Iraqi officials tightened security around churches in Baghdad and in two mostly Christian towns on Monday and braced for possible violence this weekend when huge crowds visit a holy Shiite shrine in the capital.
A series of church bombings targeting Iraq's Christian minority killed at least four people Sunday, including one that happened as worshippers were leaving Mass in eastern Baghdad. Iraq's Christians have often been targeted by Islamic extremists, and many have fled the country despite an overall drop in violence in the past two years.
Fearing car bombs, authorities imposed vehicle bans in the towns of Tilkaif and Hamdaniyah. Both are predominantly Christian towns near the northern city of Mosul where an Iraqi soldier was killed Monday when a bomb attached to his private vehicle exploded, police said.
Daldar Zebari, deputy head of the Ninevah provincial council, which includes Mosul, said the Christian-dominated areas of Mosul were a priority for the security services. But he added: "We will make our best efforts to keep security for the province and all its citizens of all ethnic and religious backgrounds without exception."
Ethnic and sectarian tension also is running high in Kirkuk, another city in northern Iraq where Adm. Mike Mullen, chairman of the U.S. Joint Chiefs of Staff, made an unannounced visit on Monday. Kurds want to make oil-rich Kirkuk the capital of their autonomous region in the north despite Arab opposition.
Militants continue attacks
Violence is sharply down in the war that began with the U.S.-led invasion in 2003, but militants still carry out lethal attacks. The U.S. military completed a withdrawal of combat forces from Iraqi cities to outlying bases last month as part of a plan to let Iraq take the lead on ensuring its own security.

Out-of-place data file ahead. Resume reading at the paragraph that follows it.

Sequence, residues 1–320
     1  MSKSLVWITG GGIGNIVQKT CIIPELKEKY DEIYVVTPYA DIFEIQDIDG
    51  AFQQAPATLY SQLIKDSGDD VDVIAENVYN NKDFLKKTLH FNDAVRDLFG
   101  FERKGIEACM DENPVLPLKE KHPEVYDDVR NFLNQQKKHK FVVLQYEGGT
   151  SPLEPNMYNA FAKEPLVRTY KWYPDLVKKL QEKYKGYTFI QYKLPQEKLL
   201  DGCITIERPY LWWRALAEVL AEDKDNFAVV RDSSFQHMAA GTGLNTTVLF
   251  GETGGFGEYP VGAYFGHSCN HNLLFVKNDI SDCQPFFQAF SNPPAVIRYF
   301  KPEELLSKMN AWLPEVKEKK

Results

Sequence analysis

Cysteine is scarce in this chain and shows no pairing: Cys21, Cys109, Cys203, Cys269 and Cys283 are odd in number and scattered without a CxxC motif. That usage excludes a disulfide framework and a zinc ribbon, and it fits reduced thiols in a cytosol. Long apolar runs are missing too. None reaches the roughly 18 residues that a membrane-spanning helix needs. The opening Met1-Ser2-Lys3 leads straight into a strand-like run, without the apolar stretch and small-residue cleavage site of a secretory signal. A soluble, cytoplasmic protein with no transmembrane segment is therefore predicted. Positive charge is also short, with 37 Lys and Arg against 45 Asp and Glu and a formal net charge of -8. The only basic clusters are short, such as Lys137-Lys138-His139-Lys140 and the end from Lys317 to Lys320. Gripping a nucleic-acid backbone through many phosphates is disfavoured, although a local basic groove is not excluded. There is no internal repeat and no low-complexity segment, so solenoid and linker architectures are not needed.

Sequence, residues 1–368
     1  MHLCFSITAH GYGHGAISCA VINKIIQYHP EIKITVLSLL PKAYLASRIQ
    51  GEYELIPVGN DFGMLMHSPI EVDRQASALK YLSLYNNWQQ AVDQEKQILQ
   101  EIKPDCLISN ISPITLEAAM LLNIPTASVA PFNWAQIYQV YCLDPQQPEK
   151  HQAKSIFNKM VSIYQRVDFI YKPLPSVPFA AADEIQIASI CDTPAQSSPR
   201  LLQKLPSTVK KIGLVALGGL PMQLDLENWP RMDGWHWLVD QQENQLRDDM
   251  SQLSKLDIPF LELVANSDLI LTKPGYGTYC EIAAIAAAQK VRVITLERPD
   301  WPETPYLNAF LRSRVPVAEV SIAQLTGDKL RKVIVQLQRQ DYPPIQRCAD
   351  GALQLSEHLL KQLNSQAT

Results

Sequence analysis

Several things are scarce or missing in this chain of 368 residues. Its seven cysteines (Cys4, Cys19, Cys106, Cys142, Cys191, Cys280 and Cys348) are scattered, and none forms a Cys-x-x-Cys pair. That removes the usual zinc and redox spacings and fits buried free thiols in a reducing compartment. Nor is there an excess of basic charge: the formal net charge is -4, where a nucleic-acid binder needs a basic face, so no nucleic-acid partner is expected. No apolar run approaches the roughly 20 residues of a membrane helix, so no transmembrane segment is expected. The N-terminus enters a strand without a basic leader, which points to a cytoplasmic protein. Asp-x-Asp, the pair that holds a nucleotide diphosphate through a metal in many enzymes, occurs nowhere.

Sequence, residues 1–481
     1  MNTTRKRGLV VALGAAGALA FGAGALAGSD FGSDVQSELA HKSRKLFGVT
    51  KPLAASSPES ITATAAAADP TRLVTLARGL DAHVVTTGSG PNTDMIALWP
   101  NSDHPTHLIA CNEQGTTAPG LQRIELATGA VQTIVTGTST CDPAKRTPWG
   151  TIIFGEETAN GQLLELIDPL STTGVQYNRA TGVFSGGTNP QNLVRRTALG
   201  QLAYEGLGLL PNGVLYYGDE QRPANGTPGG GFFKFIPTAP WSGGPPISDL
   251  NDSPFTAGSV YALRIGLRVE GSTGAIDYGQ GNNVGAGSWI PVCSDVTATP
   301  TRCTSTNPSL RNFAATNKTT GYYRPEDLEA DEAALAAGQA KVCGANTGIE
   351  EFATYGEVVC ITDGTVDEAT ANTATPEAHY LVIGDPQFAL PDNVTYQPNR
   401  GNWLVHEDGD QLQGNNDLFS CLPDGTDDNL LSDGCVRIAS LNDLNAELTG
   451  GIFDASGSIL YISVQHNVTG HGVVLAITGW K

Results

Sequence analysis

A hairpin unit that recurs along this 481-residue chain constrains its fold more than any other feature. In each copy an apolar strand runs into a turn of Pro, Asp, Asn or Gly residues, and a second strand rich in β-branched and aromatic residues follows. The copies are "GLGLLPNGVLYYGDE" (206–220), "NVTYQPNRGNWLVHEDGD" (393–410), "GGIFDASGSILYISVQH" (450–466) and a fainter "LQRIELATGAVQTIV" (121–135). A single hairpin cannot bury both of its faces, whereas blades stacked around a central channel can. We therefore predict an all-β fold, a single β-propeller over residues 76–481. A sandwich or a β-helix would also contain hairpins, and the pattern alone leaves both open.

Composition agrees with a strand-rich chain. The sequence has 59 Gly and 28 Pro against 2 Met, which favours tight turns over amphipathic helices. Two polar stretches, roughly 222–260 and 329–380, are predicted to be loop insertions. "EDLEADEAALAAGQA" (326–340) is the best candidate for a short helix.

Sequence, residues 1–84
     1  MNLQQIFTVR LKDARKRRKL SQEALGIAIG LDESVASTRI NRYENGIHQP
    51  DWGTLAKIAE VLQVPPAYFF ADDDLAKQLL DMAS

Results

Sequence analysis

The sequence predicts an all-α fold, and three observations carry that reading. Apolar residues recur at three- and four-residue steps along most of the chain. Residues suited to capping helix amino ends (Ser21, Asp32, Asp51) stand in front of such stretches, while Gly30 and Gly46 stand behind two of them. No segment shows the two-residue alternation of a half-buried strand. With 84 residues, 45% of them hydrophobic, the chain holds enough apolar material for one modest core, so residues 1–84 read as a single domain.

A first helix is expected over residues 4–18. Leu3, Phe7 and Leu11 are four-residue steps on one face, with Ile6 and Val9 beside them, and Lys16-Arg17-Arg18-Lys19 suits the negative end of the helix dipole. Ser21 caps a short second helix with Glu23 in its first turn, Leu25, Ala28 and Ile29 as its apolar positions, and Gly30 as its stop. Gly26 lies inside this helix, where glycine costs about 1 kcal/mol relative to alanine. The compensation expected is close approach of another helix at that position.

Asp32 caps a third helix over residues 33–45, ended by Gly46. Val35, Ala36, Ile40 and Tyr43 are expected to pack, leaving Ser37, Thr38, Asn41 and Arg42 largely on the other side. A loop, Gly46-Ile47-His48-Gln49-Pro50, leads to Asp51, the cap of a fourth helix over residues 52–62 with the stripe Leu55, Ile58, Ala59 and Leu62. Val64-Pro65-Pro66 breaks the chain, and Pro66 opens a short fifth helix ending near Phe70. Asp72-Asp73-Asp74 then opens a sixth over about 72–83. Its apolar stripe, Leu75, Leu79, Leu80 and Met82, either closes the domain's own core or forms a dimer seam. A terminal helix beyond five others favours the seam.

Iraqi military spokesman Maj. Gen. Qassim al-Moussawi told reporters in Baghdad that Iraq will not need help from multinational forces in securing an event at a holy Shiite shrine in northern Baghdad. Hundreds of thousands of Shiites are expected on Saturday in Kazimiyah, a predominantly Shiite suburb, to commemorate the death of a revered Shiite imam.
At the same commemoration in 2005, nearly 1,000 Shiite pilgrims, most of them women and children, died in a stampede during a religious procession on a bridge near the shrine. Thousands of the pilgrims, who panicked when they heard unfounded rumors of a suicide bomber, crushed one another or plunged 30 feet into the muddy Tigris River.
Iraqis head security plan
Al-Moussawi said the plan to secure the event is "100 percent an Iraqi one."
He lamented the church bombings, but blamed security at one church, saying that a man pretending that his car had broken down asked people at the church if he could park his vehicle near the church. "A few minutes after his departure, it went off," al-Moussawi said.
Also on Sunday, a bomb exploded near a convoy of American personnel that included U.S. Ambassador Christopher Hill, though no one was injured. U.S. embassy spokesman Susan Ziadeh said Monday that an investigation was under way into the bombing, which occurred as the convoy was traveling through Dhi Qar province in southern Iraq.